EEA accepts and encourages data provided from crowd sourcing and citizen science. EEA will make use of this type of data in its products and services where it judges that it is appropriate to do so and taking into account the available information on the quality of data.
ARTICLE 4: ACCESS TO AND REDISTRIBUTION OF DATA
Access to data covers both technical access and the policies that govern access.
Products created by EEA are considered a public good and where possible, they will be made fully, freely and openly available for others to use.
All data held by EEA shall be made available with minimum time delay and at no cost except where
- restrictions apply resulting from binding rules, including international treaties, European Union law and national legislations including the protection of personal data, statistical confidentiality, the protection of intellectual property rights as well as the protection of national security (i.e. State security), defense, or public security,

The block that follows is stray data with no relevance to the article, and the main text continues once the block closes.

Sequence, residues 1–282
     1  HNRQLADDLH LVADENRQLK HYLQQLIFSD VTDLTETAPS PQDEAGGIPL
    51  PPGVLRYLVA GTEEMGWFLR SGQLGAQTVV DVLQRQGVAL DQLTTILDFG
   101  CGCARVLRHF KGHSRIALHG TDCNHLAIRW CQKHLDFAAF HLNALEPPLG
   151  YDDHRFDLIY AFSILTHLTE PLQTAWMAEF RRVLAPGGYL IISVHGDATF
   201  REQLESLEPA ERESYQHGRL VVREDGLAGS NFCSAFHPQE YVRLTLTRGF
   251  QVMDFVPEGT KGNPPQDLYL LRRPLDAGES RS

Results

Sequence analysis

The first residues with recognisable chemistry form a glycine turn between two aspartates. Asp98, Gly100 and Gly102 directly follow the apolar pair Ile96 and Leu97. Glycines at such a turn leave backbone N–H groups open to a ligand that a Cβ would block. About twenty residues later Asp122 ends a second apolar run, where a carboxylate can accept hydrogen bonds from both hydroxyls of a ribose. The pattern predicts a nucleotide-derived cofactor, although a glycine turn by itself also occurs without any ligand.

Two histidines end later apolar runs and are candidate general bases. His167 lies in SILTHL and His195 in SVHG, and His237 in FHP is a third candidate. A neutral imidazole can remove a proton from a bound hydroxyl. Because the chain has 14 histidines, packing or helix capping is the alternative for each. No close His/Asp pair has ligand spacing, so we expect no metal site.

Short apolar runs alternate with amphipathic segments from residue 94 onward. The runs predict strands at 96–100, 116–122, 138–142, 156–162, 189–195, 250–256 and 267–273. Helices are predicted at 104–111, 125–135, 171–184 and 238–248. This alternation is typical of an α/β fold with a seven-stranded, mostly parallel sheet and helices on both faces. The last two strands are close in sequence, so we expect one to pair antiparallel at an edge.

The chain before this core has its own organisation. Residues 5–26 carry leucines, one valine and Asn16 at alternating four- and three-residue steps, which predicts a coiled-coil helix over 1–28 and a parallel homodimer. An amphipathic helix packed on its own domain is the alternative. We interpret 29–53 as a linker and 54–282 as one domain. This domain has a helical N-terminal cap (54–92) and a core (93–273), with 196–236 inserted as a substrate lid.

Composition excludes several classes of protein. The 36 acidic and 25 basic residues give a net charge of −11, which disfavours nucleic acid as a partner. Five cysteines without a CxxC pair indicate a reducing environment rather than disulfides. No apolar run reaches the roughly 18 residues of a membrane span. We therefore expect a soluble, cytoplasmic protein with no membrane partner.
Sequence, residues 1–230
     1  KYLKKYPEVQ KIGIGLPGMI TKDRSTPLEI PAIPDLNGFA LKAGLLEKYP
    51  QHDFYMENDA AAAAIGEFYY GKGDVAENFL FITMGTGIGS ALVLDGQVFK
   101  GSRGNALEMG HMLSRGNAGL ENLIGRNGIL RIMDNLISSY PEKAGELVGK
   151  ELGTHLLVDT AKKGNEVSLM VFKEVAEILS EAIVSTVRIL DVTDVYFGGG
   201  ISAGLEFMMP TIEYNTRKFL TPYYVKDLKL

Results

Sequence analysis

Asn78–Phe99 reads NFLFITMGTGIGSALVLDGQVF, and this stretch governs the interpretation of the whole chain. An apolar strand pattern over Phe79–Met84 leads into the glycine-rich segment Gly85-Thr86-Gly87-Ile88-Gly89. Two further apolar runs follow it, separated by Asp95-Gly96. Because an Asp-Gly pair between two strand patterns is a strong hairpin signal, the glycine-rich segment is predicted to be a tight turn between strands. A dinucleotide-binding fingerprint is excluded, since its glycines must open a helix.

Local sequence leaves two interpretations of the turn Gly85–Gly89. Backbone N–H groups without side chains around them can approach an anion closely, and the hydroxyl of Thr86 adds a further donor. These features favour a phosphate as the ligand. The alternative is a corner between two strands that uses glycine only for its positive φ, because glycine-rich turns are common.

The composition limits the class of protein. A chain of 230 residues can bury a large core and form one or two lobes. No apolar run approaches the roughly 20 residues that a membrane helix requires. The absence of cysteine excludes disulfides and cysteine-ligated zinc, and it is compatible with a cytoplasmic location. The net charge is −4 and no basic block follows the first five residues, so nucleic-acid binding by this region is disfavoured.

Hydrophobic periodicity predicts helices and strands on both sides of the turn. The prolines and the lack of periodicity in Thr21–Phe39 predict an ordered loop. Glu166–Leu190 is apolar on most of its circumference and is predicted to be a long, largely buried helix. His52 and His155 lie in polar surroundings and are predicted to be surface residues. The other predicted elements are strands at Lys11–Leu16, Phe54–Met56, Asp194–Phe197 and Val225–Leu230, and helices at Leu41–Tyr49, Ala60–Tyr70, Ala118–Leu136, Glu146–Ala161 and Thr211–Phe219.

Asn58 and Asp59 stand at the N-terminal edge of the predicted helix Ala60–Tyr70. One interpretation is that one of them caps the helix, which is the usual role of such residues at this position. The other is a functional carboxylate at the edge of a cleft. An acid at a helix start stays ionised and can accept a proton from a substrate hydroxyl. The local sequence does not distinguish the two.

- data made available by EEA is accompanied by a data license. Data originally made available to EEA by a third-party may have their own data access agreements and license conditions agreed upon with EEA, which restricts how or when EEA can make data available to others,
- the data access request exceeds EEA’s handling capacities.
EEA will endeavor to provide access to the source data that underpins EEA’s products and services for:
- data held by EEA that are owned by others,
- data held by EEA which have been adapted, combined or harmonised (for instance to cover pan-European extent),
- data located, managed and publically accessible in other bodies or distributed, for instance in national administrations in accordance with SEIS principles,
- data where EEA has been requested to arrange access, for instance to act as a data provider for third parties (e.g. European Commission, Copernicus services, R&D projects, other public authorities).
Data will be provided through discovery, view and, as far as possible, through download services which are compliant with established standards from ISO , OGC , INSPIRE and other relevant standardisation bodies. EEA will hold the data where it sees fit and EEA will aim to provide meta-information for all data.
ARTICLE 5: RECOGNITION OF DATA SOURCES
As a standard approach EEA will cite the source of data, and may offer opportunities for branding through inclusion of data provider logos, etc. All instances of use of data from crowd-sourcing or citizen science shall be clearly labeled as such by the EEA. EEA may undertake and publish benchmarking exercises on data provision in terms of performance and quality.